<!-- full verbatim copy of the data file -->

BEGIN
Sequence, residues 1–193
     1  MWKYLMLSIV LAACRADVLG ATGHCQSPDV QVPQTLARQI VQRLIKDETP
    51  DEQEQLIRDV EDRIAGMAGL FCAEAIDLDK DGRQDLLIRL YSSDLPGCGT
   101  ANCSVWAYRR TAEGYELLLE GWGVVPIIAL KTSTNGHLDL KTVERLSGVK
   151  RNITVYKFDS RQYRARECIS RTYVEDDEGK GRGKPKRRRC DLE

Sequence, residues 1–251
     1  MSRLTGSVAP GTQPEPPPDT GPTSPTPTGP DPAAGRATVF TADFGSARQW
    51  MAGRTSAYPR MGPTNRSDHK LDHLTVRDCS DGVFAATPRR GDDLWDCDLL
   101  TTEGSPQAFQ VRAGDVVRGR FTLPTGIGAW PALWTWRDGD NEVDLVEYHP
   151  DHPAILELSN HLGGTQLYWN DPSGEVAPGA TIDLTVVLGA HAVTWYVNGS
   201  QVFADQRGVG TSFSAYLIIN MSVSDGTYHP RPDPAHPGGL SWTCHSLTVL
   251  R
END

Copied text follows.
Sequence, residues 1–193
     1  MWKYLMLSIV LAACRADVLG ATGHCQSPDV QVPQTLARQI VQRLIKDETP
    51  DEQEQLIRDV EDRIAGMAGL FCAEAIDLDK DGRQDLLIRL YSSDLPGCGT
   101  ANCSVWAYRR TAEGYELLLE GWGVVPIIAL KTSTNGHLDL KTVERLSGVK
   151  RNITVYKFDS RQYRARECIS RTYVEDDEGK GRGKPKRRRC DLE

Sequence, residues 1–251
     1  MSRLTGSVAP GTQPEPPPDT GPTSPTPTGP DPAAGRATVF TADFGSARQW
    51  MAGRTSAYPR MGPTNRSDHK LDHLTVRDCS DGVFAATPRR GDDLWDCDLL
   101  TTEGSPQAFQ VRAGDVVRGR FTLPTGIGAW PALWTWRDGD NEVDLVEYHP
   151  DHPAILELSN HLGGTQLYWN DPSGEVAPGA TIDLTVVLGA HAVTWYVNGS
   201  QVFADQRGVG TSFSAYLIIN MSVSDGTYHP RPDPAHPGGL SWTCHSLTVL
   251  R